What is Pupil Premium ?
Introduced in 2011, the pupil premium is a sum of money given to schools each year by the Government to improve the attainment of disadvantaged children.
This is based on research showing that children from low income families perform less well at school than their peers. Often, children who are entitled to pupil premium face challenges such as poor language and communication skills, less family support, lack of confidence and issues with attendance and punctuality. The pupil premium is intended to directly benefit the children who are eligible, helping to narrow the gap between them and their classmates.
Is your child eligible?
Schools are given a pupil premium for:
- Children who have qualified for free school meals at any point in the past six years. The school receives £1320 for each of these children.
- Children who have been looked after under local authority care for more than one day. These children are awarded a premium of £1900.
- Pupils in who are recorded as an Ever 6 Service Child or in receipt of a child pension from the Ministry of Defence are awarded a service premium of £300.
How is it spent?
Schools can choose how to spend their pupil premium money, as we are best placed to identify what would be of most benefit to the children who are eligible.
Common ways in which we spend our pupil premium fund include:
- Extra one-to-one or small-group support for children within the classroom.
- Employing extra teaching assistants to work with classes.
- Running catch-up sessions before or after school, for example for children who need extra help with maths or literacy.
- Interventions to boost learning and narrow the gap between peers
- Nurture interventions such as art groups, forest school and Lego clubs
- Curriculum enrichment days/weeks such as science week and topic days.
- A range of clubs.
- Providing extra tuition for able children who receive the pupil premium, for example in preparation for year 6 SATs.
- Funding educational trips and visits.
- Paying for additional help such as speech and language therapy or family therapy.
- Investing in resources that boost children’s learning, such as laptops or tablets.
- Employ Behaviour Specialist/ELSA support and Home School Link Workers
Often, all of the children in a class will reap some benefit from how we spend pupil premium: for example, if the money is used to fund an additional teaching assistant who works across the whole class, rather than providing one-to-one support.
Research shows that the fund does help to narrow gaps between disadvantaged children and their peers, particularly in English and maths.
Can you influence how the pupil premium is used?
There is no obligation for us to consult you about how we use the money they claim for your child, although we do like to involve parents. We do have to show that we are using our pupil premium fund appropriately. This is measured through Ofsted inspections and annual performance tables showing the progress made by children who are eligible for pupil premium. In addition, we have to publish details online, including how much money we have been allocated, how we intend to spend it, how we spent our previous year’s allocation and how it made a difference to the attainment of disadvantaged pupils.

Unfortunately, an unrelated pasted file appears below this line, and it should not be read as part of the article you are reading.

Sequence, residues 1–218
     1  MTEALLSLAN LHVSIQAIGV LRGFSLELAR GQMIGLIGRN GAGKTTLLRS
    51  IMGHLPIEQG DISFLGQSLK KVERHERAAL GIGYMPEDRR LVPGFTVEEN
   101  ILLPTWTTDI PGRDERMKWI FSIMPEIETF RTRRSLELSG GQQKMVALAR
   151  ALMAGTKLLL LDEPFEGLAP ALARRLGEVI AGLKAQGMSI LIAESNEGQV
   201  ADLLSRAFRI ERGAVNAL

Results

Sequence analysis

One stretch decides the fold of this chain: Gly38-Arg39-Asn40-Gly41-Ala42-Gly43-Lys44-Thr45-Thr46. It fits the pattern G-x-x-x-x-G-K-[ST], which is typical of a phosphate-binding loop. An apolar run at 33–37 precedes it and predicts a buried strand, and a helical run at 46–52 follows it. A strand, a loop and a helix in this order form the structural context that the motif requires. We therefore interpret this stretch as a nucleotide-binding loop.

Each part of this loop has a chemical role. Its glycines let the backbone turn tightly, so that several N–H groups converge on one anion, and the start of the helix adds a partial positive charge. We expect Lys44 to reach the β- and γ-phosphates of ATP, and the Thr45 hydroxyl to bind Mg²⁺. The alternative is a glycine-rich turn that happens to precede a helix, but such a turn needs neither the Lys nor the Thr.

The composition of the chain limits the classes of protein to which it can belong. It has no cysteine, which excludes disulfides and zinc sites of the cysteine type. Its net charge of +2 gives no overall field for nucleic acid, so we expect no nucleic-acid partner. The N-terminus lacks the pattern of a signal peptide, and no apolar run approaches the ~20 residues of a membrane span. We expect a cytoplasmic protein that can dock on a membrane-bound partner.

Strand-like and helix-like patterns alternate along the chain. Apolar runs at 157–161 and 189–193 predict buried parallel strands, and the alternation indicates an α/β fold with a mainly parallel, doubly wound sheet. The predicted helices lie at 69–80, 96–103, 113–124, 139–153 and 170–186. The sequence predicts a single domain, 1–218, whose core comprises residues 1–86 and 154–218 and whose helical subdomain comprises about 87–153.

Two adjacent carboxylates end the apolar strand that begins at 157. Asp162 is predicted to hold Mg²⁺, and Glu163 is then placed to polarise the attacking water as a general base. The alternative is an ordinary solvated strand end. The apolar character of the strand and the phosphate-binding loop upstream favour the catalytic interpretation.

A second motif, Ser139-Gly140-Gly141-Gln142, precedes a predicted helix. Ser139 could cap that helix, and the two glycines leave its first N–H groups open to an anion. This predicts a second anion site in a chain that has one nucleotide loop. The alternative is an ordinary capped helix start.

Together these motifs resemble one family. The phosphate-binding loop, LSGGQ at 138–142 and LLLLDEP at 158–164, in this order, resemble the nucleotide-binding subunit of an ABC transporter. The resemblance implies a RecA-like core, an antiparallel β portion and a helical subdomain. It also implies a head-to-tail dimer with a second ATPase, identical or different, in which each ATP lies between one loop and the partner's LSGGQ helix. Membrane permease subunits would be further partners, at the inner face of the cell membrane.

How to claim your child’s pupil premium
Your child may be eligible for free school meals – and accordingly pupil premium – if you receive any of the following benefits since May 2011:
- Income support
- Income-based jobseekers’ allowance
- Income-related employment and support allowance
- Support under Part IV of the Immigration and Asylum Act 1999
- The guaranteed element of state pension credit
- Child tax credit, provided that you are not also entitled to working tax credit and have an annual gross income of £16,190 or less
- Universal credit
- If your child is a Looked After child or provided with accommodation by an English local authority.
- Children adopted from care or who have left care – who were looked after by an English or Welsh local authority immediately before being adopted, or who left local authority care on a special guardianship order or child arrangements order.
- Children recorded as a service child
To register your child as eligible you need to fill out a form available in the school office.
From September 2014, all children in Reception and Years 1 and 2 qualify for free school meals, regardless of their family income, but only the children who would have qualified for free meals under the above income-based criteria will receive the pupil premium.
If your child qualifies for free school meals, it’s important that we know – even if they take a packed lunch – as this enables us to claim pupil premium.
The pupil Premium strategy review takes place annually each November.
If you have any questions about pupil premium funding and your child’s eligibility, please do ask at reception.
What is PE and Sport Premium ?
The PE and sport premium is designed to help primary schools improve the quality of the PE and sport activities they offer their pupils.
St Christopher’s receives £19,180 PE and Sport Premium Funding. We use this along with our school budget provide weekly PE lessons and Sporting opportunities to all of our children.
In a recent survey, we asked each class what impact the Sports funding had had on their life at school. Please see the results so far below!